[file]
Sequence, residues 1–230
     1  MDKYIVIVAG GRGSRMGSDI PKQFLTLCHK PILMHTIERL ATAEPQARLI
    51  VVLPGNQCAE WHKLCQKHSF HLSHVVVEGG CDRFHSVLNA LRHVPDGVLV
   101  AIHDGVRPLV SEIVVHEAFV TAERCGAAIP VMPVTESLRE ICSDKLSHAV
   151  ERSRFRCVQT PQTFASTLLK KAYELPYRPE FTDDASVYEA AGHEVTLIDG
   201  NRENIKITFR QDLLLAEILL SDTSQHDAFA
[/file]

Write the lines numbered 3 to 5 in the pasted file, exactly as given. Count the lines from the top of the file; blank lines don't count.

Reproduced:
    51  VVLPGNQCAE WHKLCQKHSF HLSHVVVEGG CDRFHSVLNA LRHVPDGVLV
   101  AIHDGVRPLV SEIVVHEAFV TAERCGAAIP VMPVTESLRE ICSDKLSHAV
   151  ERSRFRCVQT PQTFASTLLK KAYELPYRPE FTDDASVYEA AGHEVTLIDG